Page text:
When she was 9, Brittney Sooksengdao decided that she wanted to “create spaces that connect people.” The field of architecture was a good match for someone who wanted to explore how design affects the ways people interact with each other. She benefitted from her high school’s architecture program, where she developed skills in the design field that reinforced her desire to pursue a degree in architecture.

A daughter of refugees from Laos, Sooksengdao is aware of the lack of diversity among those who want to pursue architecture or planning degrees. She is committed to building programs that help other young students see themselves as designers, architects, and creators of equitable communities. 

Now a graduate student at the Washington-Alexandria Architecture Campus (WAAC), Sooksengdao and a team of graduate and undergraduate students developed the Architecture Creation Club (ARCH). 

“There are many teens with the talent and skills to choose a career in design, but the information to encourage and guide them is often lacking," said Susan Piedmont-Palladino, director of the WAAC and mentor for the program. "That lack of awareness, unfortunately, reinforces the current lack of diversity in the field.”

ARCH introduces high school students to creative technology professions in an effort to address the lack of minority representation in these fields. The project is funded by a SEAD Grant from the Institute for Creativity, Arts, and Technology (ICAT).

A member of an underrepresented group in architecture, Sooksengdao saw a way to improve representation by increasing design programming in high schools and casting a wider net for future design practitioners.

“The more high school students who have access to design-based problem-solving and programming, the more students are likely to feel enabled to continue pursuing design-based professions,” she said. This is an experience shared with many of her team members as they explored future professions. “Most of us had some kind of exposure to architecture sometime in high school or middle school. This really changed our trajectory and choice of profession,” she added.

ARCH was created with the goal to “bridge the gap between varying economic classes and school curriculums by connecting high school students with higher education mentorship to learn skills in architecture, design, urban planning, and environmental engineering,” Sooksengdao said.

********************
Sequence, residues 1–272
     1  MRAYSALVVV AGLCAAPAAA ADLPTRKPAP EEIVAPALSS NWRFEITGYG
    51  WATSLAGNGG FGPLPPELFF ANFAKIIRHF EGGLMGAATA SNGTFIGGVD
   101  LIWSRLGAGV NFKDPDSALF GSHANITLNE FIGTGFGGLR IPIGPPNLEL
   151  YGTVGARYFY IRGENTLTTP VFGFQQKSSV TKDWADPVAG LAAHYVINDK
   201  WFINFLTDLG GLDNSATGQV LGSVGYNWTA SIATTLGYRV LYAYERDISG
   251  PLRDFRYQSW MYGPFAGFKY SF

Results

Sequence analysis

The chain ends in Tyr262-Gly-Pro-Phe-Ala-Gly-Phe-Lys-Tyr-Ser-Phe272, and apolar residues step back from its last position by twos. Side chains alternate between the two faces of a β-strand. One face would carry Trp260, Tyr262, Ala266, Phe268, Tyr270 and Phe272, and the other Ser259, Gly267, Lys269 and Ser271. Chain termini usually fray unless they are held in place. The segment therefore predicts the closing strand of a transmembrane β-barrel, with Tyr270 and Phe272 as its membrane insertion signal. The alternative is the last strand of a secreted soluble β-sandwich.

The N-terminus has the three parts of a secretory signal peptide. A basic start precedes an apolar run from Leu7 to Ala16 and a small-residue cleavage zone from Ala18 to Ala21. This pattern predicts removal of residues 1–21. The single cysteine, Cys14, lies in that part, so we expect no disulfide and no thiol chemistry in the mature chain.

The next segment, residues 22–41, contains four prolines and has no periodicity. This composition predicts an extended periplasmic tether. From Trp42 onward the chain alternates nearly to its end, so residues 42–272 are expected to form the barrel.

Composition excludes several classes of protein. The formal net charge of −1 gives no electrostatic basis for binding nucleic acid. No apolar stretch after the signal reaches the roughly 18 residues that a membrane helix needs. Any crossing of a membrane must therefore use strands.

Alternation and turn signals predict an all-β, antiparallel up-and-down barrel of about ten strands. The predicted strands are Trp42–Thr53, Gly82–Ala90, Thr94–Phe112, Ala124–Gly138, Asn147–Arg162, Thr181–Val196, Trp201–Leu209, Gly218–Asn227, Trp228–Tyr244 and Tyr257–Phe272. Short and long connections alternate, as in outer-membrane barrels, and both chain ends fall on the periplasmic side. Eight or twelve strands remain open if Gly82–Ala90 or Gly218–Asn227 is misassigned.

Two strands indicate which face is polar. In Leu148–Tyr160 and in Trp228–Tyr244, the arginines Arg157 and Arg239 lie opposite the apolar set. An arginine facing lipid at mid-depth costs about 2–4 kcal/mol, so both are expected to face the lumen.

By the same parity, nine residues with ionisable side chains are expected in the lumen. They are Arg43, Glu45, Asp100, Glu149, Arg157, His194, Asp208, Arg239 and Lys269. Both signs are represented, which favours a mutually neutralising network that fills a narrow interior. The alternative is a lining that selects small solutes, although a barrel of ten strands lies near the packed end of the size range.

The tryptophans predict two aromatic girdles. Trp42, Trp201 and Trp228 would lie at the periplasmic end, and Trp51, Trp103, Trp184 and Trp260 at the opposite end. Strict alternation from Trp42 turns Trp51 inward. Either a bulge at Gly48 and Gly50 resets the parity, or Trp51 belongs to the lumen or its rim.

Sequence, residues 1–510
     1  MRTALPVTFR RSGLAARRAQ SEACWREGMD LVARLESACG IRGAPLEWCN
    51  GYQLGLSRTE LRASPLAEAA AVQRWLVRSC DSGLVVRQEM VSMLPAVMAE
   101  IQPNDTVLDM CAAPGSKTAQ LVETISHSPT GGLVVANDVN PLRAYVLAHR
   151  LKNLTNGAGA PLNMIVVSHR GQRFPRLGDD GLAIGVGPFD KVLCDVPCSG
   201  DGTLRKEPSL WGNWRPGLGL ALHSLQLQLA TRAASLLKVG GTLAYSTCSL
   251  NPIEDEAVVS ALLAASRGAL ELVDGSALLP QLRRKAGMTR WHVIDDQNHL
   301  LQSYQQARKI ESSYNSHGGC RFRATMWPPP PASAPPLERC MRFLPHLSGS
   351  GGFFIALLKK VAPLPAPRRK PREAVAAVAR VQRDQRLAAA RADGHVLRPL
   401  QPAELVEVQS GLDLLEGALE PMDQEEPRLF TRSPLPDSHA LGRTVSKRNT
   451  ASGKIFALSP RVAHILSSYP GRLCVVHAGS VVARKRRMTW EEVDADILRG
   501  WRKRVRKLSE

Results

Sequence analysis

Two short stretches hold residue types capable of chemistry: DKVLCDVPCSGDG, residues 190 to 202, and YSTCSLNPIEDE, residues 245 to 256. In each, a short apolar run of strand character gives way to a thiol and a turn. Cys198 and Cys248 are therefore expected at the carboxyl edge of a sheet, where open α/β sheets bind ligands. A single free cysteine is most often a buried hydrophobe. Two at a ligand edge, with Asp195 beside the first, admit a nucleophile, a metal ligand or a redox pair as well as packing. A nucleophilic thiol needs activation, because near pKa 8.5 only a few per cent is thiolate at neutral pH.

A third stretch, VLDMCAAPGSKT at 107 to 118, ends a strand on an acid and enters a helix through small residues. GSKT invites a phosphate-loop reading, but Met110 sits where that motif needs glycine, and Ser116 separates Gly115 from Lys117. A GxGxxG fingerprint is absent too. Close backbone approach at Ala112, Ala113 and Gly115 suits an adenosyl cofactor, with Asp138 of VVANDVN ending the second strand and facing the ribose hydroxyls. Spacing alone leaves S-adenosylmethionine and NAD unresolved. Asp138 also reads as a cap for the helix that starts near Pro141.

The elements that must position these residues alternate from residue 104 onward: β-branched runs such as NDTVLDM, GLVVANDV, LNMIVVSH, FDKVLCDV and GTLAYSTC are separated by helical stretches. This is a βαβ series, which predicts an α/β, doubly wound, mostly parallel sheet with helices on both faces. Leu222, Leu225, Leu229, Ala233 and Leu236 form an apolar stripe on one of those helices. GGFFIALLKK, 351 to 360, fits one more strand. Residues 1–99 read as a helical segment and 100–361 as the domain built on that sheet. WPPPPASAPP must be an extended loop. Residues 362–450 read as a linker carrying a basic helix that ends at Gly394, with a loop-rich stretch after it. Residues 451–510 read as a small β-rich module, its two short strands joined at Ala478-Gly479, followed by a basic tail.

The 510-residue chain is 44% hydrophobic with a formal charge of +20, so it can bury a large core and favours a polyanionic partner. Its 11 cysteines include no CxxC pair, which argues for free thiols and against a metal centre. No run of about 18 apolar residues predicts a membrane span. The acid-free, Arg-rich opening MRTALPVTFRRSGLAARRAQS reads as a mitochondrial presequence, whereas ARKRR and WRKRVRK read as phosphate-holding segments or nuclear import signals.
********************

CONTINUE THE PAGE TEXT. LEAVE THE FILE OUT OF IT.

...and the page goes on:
Image of a map with highlighted program zones
This graphic was created to show zones of activity on a high school campus.

The program includes six workshops that introduce high school students to the design process, networking, college portfolio preparation, and presentation skills. This culminates in a final presentation led by the participants to showcase the skills they learned throughout the program. ARCH works to empower students to picture themselves in creative technology roles and as leaders in architecture and design. Notably, the program is structured as student-to-student mentorship because it connects high school students with current Virginia Tech students.

Participants in the ARCH program who choose to apply to Virginia Tech have access to support such as waived college application fees, micro-scholarships, and professional development. Removing these barriers for a diverse cohort of participants allows high school students to view the design field as a viable career choice. ARCH mentors help to create the next generation of practitioners, providing them with the critical-thinking skills necessary to succeed. In addition, participants reflect on issues greater than architecture and design, including land acknowledgments and the role of designers as stewards of the land. They learn to understand the context in which design decisions are made and begin to see themselves as problem solvers.

Sooksengdao and ARCH team members believe that incorporating underrepresented and first-generation students in the design field will increase the diversity of people, perspectives, and practices in architecture. This can lead to innovation and diversity of thought, inspiring the next generation of design practitioners to solve problems and affect long-term change in the field. The program is supported by and partnered with Virginia Tech’s College Access Collaborative, led by Karen Eley Sanders, associate vice provost for college access, which focuses on enabling high school students to access higher education.

Current team members plan to continue the program with the hope that it will expand its reach. Team members include Shelby Pollock, who is working on a master's degree in architecture; Melody Brown, who earned a master's degree in urban and regional planning in 2021; and Sarah Handelsman, a junior majoring in biological systems engineering.  

Sooksengdao said the ARCH “gives students a broader sense of the world and their potential to shape it. High school students leave the program with the skills necessary to succeed in architecture and the opportunity to grow their network before entering the field.”

Written by Elizabeth Quill '21, MPA '22

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